High cholesterol is no easy topic. In the functional medicine approach high cholesterol is seen as a symptom and not a disease itself. There can be many underlying factors with six of the main ones including metabolic dysfunction, chronic infections like H Pylori or latent viral infections, gut dysbiosis and impermeability, low or subclinical thyroid function, even environmental toxins and of course familial or genetics.
Conventional medicine paradigm will test for Total Cholesterol, LDL and HDL, except these are not accurate predictors of of cardiovascular disease. These standard markers tell us how much cholesterol is inside the lipoprotein. Newer markers include the LDL particle number and the best marker presently is LP(a) - Lipid Protein (a). Along with HDL particle number, this offers a better idea of overall CVD risk. If you do find you LP(a) is high, statins are not that effective at reducing this.
However lipid markers, even the good ones, are only part of the puzzle when looking at someone's risk. You need to consider your family history, hypertension and smoking (the strongest factors for heart disease), nutritional status, lifestyle factors, stress, and the gut microbiota play a role in heart disease pathogenesis.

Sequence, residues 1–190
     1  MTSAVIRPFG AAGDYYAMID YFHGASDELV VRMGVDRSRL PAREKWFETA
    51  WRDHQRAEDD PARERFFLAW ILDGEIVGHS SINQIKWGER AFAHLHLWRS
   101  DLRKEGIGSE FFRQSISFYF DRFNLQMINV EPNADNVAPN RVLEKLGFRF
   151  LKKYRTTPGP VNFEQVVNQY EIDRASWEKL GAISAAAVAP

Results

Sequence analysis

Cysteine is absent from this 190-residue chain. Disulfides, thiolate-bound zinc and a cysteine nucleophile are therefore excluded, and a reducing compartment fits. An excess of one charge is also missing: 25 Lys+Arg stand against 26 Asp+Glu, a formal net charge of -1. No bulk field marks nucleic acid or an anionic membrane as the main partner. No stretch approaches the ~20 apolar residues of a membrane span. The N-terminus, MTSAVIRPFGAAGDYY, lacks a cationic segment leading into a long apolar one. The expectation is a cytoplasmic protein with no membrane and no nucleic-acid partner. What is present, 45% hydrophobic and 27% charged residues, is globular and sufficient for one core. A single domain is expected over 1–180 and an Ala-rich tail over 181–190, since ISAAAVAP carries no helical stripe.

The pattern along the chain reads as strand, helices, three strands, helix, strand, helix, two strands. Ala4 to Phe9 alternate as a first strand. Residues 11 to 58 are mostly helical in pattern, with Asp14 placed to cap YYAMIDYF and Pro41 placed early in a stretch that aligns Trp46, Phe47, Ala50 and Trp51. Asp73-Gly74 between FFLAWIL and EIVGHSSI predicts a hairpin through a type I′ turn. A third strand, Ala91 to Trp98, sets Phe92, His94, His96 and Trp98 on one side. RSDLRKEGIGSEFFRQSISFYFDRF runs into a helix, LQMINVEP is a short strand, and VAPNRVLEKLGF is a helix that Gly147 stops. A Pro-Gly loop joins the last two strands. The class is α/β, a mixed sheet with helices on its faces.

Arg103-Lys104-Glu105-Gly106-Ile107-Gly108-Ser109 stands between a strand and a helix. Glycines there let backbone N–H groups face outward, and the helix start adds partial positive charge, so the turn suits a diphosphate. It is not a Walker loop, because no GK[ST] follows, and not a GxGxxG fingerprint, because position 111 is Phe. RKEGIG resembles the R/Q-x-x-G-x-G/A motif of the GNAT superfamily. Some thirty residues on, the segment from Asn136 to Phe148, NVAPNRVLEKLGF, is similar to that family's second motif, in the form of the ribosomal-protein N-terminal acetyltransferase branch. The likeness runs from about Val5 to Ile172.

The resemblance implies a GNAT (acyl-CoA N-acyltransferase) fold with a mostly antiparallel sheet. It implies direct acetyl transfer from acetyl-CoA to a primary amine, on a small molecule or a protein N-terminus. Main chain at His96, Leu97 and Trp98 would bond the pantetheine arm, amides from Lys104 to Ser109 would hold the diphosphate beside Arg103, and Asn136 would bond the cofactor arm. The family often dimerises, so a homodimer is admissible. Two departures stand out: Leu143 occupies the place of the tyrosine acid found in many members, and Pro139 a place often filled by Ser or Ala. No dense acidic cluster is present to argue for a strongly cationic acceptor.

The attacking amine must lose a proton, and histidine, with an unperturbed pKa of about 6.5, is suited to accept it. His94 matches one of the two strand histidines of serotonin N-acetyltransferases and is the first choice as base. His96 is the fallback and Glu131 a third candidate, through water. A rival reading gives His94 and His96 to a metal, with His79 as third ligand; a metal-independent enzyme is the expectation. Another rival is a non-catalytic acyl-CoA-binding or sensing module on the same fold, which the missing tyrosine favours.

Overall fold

Therefore you need to start with more advanced testing of LDL particles, and work through all the other potential underlying factors to see if there are other contributing causes, such as SIBO (small intestinal bacteria overgrowth) or those mentioned above.
There is so much that can be done to understand why your cholesterol is high, before moving to statins.
Dietary factors that can help in lowering cholesterol include, garlic and onions as their sulphur containing phytonutrients inhibit cholesterol synthesis; omega 3 rich fish (salmon, herring, mackeral, cod), legumes, oats, flaxseed, organically grown vegetables, as the high levels of betacarotene and B3 reduce cholesterol oxidation and can reduce LDL levels.
Deborah McTaggart is a practising nutritionist in Barnes, South West London.
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